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assistance, others leaped upon the dastardly assassin and made him a prisoner.

There was an excellent hospital upon the Exposition grounds, and to this President McKinley was carried. Here it was found that both bullets had entered his body, one having struck the breastbone and the other having entered the abdomen. The physicians present did all they possibly could for him, and then he was removed to the residence of Mr. Millburn, the President of the Exposition.

In the meantime, all unconscious of the awful happening that was to have such an influence upon his future, Mr. Roosevelt had been enjoying himself with his family, and helping to take care of the children that were not yet totally recovered from their illness. All seemed to be progressing finely, and he had gone off on a little tour to Vermont, to visit some points of interest and deliver a few addresses.

He was at Isle La Motte, not far from Burlington, when the news reached him that President McKinley had been shot. He had just finished an address, and for the moment he could not believe the sad news.

“ Shot!” he said. " How dreadful! And could scarcely say another word. He asked for the latest bulletin, and, forgetful of all else, took the first train he could get to Buffalo, and then hastened to the side of his Chief.

It was truly a sad meeting. For many years these two men had known each other, and they were warm friends. Their methods were somewhat different, but each stood for what was just and right and true, and each was ready to give his country his best service, no matter what the cost.

It was a sad time for the whole nation, and men and women watched the bulletins eagerly, hoping and praying that President McKinley might recover. Every hour there was some slight change, and people would talk it over in a whisper.

In a few days there were hopeful signs, and the physicians, deceived by them, said they thought the President would recover. This was glad news to Theodore Roosevelt. Yet he lingered on, fearful to go away, lest the news should prove untrue and he should be needed. But then there was a still brighter turn, and he thought of his own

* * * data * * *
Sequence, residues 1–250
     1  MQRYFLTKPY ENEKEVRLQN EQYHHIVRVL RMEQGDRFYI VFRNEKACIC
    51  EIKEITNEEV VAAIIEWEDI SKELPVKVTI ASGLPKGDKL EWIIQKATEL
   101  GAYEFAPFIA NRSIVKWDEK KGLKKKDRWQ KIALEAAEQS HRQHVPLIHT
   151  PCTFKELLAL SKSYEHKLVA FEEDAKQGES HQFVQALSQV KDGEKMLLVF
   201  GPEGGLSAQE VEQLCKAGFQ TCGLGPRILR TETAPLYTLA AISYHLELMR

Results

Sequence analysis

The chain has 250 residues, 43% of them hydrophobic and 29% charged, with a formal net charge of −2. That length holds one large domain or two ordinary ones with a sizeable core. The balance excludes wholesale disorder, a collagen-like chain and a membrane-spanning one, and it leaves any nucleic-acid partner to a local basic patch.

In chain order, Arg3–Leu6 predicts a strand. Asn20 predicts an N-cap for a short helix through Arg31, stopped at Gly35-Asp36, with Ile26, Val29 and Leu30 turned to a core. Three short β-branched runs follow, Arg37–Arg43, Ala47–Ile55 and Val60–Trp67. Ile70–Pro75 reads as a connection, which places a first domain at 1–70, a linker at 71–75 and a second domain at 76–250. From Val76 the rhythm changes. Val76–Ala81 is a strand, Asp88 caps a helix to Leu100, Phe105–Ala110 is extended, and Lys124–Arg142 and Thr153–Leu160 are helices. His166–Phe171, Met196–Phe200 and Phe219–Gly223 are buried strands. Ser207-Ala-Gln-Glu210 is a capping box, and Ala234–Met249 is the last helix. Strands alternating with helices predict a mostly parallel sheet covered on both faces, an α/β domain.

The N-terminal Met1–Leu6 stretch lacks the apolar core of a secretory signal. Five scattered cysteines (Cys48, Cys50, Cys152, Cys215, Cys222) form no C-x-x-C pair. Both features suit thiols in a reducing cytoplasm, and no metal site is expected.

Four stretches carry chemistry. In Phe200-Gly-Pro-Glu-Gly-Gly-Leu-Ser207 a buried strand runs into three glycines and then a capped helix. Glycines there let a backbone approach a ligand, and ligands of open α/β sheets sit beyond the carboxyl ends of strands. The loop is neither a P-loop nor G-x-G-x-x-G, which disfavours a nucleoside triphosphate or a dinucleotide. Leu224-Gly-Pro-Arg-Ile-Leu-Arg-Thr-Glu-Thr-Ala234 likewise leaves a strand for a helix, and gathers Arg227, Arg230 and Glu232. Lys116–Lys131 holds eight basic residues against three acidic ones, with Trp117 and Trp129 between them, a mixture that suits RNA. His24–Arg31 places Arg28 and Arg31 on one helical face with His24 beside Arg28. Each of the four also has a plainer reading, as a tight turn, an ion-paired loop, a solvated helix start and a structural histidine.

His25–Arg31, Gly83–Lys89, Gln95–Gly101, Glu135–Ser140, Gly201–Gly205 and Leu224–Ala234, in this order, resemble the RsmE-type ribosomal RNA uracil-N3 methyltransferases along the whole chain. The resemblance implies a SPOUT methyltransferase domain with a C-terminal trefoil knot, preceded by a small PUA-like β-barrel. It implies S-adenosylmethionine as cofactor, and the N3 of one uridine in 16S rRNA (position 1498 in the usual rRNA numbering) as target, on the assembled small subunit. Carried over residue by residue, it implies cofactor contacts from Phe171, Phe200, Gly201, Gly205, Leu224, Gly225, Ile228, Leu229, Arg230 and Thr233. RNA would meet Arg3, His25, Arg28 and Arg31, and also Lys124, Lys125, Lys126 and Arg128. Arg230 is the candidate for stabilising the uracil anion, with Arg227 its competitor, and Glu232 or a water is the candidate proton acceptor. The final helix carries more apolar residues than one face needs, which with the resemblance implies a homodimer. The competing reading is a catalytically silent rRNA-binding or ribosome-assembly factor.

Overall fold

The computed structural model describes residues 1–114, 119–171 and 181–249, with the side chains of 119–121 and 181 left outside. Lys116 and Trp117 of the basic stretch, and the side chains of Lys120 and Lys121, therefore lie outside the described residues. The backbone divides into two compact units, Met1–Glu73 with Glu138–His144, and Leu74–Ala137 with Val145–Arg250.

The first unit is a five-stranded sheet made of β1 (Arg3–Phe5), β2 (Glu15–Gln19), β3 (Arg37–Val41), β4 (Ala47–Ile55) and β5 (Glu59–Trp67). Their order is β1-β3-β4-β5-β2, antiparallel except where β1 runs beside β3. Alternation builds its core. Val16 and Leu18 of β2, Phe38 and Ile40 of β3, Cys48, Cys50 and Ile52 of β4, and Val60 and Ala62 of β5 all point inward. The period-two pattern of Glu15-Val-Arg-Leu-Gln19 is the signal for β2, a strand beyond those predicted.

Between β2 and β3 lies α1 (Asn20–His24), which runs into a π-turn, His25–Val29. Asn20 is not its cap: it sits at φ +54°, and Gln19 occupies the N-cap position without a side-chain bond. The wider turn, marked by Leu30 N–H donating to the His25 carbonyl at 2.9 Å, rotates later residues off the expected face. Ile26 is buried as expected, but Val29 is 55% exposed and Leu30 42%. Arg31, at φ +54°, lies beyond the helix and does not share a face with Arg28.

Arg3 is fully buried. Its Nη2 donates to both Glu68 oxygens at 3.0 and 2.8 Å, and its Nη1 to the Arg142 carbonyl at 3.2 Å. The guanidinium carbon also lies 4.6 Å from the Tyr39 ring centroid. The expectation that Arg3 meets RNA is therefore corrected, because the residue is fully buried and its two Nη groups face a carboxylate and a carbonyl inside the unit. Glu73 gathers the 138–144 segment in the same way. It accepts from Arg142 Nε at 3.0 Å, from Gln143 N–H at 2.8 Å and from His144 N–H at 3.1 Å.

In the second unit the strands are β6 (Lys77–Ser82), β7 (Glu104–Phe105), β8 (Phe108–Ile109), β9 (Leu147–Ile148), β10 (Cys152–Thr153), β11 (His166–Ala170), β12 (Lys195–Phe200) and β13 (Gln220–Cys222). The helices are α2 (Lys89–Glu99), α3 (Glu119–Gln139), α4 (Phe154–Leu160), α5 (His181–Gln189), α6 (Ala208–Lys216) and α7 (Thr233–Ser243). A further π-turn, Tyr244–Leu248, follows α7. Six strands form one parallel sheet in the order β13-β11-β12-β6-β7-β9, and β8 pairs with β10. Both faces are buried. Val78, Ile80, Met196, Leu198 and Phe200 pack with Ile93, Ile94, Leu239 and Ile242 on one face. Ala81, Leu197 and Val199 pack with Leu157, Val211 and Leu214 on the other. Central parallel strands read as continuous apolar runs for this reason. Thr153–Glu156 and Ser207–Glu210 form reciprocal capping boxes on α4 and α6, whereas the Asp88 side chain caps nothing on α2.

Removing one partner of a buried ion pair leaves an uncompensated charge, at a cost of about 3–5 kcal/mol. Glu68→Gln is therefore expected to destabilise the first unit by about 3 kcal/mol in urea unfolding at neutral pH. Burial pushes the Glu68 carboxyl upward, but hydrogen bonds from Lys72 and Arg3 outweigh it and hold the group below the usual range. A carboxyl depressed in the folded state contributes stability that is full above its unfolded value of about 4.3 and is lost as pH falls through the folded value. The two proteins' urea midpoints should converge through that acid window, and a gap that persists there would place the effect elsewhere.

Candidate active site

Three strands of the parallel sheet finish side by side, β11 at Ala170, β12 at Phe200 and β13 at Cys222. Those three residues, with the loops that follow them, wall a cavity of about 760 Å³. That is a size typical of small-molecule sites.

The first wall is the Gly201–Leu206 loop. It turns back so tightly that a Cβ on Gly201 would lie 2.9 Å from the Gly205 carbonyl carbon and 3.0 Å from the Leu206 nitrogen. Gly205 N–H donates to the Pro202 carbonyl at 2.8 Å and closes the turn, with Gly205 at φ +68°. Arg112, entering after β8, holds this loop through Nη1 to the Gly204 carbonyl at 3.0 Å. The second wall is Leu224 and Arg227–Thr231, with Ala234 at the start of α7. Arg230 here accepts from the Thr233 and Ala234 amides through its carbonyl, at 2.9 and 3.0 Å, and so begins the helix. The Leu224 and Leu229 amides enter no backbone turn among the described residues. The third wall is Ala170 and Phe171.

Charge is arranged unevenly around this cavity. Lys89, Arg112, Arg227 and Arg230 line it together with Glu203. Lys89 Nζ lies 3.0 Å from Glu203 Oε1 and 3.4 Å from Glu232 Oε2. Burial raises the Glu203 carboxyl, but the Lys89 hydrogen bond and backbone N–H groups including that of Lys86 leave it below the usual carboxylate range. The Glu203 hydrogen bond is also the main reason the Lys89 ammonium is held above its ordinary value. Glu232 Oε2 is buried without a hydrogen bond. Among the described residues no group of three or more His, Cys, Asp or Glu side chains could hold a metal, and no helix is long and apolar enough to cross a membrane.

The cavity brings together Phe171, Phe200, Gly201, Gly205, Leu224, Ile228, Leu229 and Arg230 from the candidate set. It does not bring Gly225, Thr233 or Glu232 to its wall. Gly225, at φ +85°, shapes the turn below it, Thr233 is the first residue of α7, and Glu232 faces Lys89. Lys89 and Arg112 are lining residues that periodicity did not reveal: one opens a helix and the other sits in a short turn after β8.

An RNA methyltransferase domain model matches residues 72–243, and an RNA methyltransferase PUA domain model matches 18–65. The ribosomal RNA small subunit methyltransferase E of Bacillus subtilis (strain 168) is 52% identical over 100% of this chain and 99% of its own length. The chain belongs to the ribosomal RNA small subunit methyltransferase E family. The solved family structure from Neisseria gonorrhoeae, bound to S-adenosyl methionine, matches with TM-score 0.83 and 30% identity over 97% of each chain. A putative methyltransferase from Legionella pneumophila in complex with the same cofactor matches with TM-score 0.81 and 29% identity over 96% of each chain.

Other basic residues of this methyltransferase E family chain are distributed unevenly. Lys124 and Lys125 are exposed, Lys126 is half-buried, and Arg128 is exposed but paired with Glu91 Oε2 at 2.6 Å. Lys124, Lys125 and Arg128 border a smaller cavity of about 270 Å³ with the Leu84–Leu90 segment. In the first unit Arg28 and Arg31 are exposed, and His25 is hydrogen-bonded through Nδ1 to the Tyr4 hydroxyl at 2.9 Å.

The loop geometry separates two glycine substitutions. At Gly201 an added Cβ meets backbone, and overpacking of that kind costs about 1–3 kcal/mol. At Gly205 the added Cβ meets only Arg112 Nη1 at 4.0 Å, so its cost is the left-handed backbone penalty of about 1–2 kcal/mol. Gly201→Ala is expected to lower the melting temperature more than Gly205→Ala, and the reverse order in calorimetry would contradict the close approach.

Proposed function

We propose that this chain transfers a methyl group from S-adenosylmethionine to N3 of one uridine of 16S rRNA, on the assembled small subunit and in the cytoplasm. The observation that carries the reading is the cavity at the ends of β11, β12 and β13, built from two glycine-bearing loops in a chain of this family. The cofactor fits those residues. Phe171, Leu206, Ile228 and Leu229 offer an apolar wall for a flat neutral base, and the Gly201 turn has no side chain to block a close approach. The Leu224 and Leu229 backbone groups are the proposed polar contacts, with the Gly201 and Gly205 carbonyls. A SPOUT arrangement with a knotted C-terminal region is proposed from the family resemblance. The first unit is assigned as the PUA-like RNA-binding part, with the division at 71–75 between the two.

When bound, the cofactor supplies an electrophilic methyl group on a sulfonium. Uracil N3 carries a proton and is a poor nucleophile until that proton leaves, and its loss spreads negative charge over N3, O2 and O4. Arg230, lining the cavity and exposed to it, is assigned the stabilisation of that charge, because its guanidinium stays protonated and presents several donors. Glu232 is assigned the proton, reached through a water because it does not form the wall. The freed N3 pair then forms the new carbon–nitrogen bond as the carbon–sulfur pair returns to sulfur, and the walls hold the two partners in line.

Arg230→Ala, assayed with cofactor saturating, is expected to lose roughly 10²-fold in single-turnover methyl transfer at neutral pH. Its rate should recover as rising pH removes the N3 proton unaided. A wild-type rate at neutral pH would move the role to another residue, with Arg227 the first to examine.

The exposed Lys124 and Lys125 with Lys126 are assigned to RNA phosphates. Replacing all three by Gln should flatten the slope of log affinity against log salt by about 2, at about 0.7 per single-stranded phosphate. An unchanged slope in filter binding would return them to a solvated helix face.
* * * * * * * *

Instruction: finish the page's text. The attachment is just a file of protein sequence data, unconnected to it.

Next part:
family, and of the fact that one of his children was again ill.

“I will return to my family,” said he to two of his closest friends. But if I am needed here, let me know at once.” And his friends promised to keep him informed. Two days later he was back among the Adirondacks, in the bosom of his family.

The prayers of a whole nation were in vain. William McKinley's mission on earth was finished, and one week after he was shot he breathed his last. His wife came to bid him farewell, and so did his other relatives, and his friend of many years, Mark Hanna, and the members of his Cabinet.

“ It is God's way,” murmured the dying Executive. “His will be done, not ours.” Then like a child going to sleep, he relapsed into unconsciousness, from which he did not recover. He died September 14, 1901, at a little after two o'clock in the morning

It was the last of a truly great life. Illustrious men may come and go, but William McKinley will be remembered so long

as our nation endures. As a soldier and a statesman he gave his best talents to better the conditions of his fellow-creatures, and to place the United States where we justly belong, among the truly great nations of the world.




With a somewhat lighter heart, Theodore Roosevelt returned to the Adirondacks and joined his family on Wednesday, three days previous to President McKinley’s death. The last report he had received from Buffalo was the most encouraging of any, and he now felt almost certain that the President would survive the outrageous attack that had been made upon his

person. “He will get well,” said several who lived close by. “ You need not worry about his condition any longer.”

On the following day it was planned to go up to Colton Lake, five miles from where the family was stopping. Some friends went along, and in the party were Mrs. Roosevelt and several of the children. Two guides accompanied them, and it was decided to

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